CORDIS - EU research results

Alexander von Humboldt and the Globalization of Science: Networks of Knowledge between Germany and the United States in the 19th Century

Final Report Summary - AHUMSCIENCENET (Alexander von Humboldt and the Globalization of Science: Networks of Knowledge between Germany and the United States in the 19th Century)

This research project undertakes a systematic analysis and reinterpretation of the Prussian explorer, Alexander von Humboldt (1769-1859), as a key figure in the study of the globalization of science through the creation of intra-European and transatlantic networks. Humboldt’s ground-breaking impact on the progress of science extended beyond his contribution to particular fields of knowledge: this is mainly based on his outstanding role in the production, circulation and textual and visual representation of different forms of knowledge. Through the extensive networks with other academics, set up to discuss questions of research, exchange data and compare results, Humboldt set an early example of well-organized and fruitful international communication, which introduced new standards of networking for the progress of science in a pre-Internet era. The project analyzes the enormous impact that Alexander von Humboldt and Humboldtian science had on the process of launching modern American science during the 19th century, from his visit to the United States in spring 1804 onwards, until the end of his life in 1859. In particular, it focuses on the characteristics of and interconnections between the different types of networks he established with the academic community, as well as political leaders in the United States.

The project addresses these core issues through four closely-interlocking sub-projects: firstly, it examines Humboldt’s North American correspondence in depth, reconstructing his scientific network and categorizing his key correspondents, the groups and professions they belonged to, and the type of information exchanged. Secondly, it analyzes the multiplicity of ways this Prussian promoted German-American scientific collaboration at the beginning of the 19th century. Thirdly, it studies different aspects of his interest in U.S. western expansion, in California in particular, based on his early research into Spanish colonial archives in Mexico. Finally, the project does not limit its scope to Humboldt but rather takes him as a starting point, against the political backdrop of this period, researching into the further development of the scientific relationship between Germany and the United States over the course of the 19th century, at an individual, institutional and theoretical level.

The work has been performed on different levels: From the management perspective the project was initiated by setting up a usable working environment as well as the tailoring of a set of working methods. Research and analysis activities have been carried out in all four subprojects, according to the work program of the proposal (B4.3). During the outgoing phase the initial results have been prepared in form of articles. In the return phase these outcomes have been successfully integrated during the preparation of one book manuscript, as well as one outline and book proposal for a second monograph. Additionally, training has been received through the regular attending of specific seminars and lecture series as well as conferences at the Huntington Library and nearby institutions. Another relevant training objective has been successfully centered on both the theoretical understanding as well as the practical application of the information and communications technologies (ICT) to the field of humanities, and particularly those software tools intended to improve the efficiency of the envisioned research activities.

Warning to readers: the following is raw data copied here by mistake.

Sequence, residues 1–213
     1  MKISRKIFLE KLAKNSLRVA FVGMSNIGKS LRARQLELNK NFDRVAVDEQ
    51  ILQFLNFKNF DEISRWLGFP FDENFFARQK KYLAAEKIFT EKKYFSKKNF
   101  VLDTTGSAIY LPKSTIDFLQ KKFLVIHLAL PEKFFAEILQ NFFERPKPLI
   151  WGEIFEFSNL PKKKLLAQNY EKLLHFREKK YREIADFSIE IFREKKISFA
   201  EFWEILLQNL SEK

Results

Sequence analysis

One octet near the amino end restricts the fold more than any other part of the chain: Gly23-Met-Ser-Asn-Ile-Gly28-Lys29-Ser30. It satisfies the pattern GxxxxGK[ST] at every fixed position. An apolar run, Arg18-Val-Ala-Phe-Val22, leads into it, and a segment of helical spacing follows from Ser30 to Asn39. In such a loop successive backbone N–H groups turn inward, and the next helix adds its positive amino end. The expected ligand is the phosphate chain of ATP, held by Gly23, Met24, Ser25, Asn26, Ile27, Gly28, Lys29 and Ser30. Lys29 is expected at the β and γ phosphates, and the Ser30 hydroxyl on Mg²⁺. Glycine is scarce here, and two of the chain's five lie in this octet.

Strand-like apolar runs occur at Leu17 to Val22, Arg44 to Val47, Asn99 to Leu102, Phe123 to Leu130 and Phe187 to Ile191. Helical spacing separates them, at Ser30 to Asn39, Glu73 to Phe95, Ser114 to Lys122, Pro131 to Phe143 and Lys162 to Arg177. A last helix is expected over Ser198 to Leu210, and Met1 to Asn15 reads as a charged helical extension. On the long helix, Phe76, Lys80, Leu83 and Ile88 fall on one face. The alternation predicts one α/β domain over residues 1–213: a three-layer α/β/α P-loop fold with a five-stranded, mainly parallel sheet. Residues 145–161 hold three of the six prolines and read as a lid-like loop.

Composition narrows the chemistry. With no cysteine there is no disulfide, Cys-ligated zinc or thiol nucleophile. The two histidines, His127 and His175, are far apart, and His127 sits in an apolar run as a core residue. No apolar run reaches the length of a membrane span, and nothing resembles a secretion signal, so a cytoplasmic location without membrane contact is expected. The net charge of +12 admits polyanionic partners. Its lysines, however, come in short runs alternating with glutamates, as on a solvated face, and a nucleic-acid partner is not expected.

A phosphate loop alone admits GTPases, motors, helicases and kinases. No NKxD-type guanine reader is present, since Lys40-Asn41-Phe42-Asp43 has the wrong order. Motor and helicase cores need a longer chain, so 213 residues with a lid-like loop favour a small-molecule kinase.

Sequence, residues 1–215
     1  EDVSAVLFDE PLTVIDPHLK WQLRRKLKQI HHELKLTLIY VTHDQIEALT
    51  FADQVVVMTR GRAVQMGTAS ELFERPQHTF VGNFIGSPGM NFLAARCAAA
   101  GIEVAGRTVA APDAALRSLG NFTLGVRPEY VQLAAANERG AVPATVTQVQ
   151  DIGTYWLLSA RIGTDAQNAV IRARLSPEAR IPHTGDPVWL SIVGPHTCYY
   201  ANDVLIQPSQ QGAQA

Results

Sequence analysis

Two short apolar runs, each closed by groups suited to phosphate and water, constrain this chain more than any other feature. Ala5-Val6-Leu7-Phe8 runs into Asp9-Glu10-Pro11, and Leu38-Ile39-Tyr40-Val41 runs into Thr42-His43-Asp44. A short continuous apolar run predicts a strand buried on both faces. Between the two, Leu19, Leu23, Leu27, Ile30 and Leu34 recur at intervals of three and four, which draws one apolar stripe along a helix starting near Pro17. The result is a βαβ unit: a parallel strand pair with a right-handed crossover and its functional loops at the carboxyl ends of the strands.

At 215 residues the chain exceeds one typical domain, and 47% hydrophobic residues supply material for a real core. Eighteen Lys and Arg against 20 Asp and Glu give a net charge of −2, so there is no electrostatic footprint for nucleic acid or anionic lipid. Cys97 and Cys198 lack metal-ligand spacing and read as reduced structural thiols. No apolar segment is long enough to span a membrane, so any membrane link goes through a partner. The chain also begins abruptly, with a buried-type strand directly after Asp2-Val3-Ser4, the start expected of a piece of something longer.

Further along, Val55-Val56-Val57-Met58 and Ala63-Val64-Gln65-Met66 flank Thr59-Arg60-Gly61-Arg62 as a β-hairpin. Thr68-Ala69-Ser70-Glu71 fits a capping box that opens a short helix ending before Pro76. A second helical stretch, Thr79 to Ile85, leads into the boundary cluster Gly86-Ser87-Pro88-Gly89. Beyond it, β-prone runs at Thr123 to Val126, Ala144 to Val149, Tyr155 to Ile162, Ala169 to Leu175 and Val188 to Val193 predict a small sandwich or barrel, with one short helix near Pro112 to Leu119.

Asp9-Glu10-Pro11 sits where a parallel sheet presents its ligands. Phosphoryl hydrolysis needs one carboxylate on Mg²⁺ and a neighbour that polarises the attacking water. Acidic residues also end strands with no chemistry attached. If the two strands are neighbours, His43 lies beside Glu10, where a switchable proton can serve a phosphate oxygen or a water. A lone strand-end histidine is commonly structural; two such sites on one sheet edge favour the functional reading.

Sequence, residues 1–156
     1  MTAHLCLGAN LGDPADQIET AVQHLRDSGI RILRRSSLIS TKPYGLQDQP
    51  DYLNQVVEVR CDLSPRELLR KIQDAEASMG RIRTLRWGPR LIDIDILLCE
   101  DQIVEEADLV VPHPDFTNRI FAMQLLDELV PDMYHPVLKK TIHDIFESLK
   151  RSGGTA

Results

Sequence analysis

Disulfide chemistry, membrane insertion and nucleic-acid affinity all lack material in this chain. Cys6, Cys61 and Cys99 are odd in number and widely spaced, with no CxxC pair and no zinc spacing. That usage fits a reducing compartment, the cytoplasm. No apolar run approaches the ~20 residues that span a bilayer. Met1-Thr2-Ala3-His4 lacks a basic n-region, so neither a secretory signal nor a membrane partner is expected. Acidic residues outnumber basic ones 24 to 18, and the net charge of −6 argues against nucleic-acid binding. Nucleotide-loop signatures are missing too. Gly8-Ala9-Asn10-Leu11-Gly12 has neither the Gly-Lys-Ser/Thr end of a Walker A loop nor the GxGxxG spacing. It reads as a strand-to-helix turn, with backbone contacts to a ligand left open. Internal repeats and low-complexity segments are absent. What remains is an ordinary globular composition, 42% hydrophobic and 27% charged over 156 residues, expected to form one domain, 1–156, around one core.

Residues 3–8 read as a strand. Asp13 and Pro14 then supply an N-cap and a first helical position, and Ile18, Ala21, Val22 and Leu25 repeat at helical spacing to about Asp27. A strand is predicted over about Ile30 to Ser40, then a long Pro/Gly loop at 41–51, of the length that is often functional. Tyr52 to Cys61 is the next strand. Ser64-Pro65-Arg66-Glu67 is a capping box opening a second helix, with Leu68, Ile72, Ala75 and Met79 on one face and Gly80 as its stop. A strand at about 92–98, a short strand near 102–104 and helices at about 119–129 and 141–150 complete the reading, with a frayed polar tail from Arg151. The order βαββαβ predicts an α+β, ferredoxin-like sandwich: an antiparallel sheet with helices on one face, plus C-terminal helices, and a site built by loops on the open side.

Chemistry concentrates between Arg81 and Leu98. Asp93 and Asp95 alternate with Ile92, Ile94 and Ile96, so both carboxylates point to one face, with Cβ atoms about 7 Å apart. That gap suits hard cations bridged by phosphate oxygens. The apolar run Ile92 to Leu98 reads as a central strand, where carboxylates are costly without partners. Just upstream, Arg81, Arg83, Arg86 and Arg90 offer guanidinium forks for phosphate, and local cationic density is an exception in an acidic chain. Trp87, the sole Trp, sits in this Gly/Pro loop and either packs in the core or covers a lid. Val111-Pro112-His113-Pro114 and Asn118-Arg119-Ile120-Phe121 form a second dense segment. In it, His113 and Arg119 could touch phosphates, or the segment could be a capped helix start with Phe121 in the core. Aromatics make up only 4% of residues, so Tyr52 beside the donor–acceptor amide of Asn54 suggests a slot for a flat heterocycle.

The main results that have been achieved so far consist in the publication of 5 book chapters and 2 articles, the preparation of 2 monographs (work in progress), two additional 2 articles submitted for evaluation. In addition, 7 conference papers and 7 invited lectures have been presented, 1 radio interview, and a personal website showing the current research project, as well as its first results and further progress, has been developed. Moreover, the researcher has been able to establish a new line of investigation that is nevertheless connected to her previous work and that offers professional perspectives for the coming years. She acquired new technical abilities concerning digital humanities and improved her skills to carry out a research project in an international research environment.

The final results of the research project are expected to be presented in one monograph titled “Humboldt’s Empire of Knowledge: From the Royal Spanish Court to the American President’s House” (to be submitted in spring 2017) and a second monograph with the working title “Expanding the frontiers of American Science: Alexander von Humboldt’s Networks of Knowledge” (to be submitted in spring/summer 2018). Both pubications aim to make an important contribution not only to Humboldtian scholarship, but also to the field of History of Science, Atlantic History, Exploration of the American West, Circulation of knowledge between Europe and America, Historical Network Analysis as well as the broad area of German-American Studies. The outcome of the project will not only reveal unknown aspects of the progress of science in the past, but also provide new impulses for the organization of the research on a European level as well as in its transatlantic connection. It is considered to be very timely given the considerable attention Alexander von Humboldt has been receiving lately in the United States and are expected to make a significant contribution to the commemoration of Humboldt’s 250th anniversary in 2019.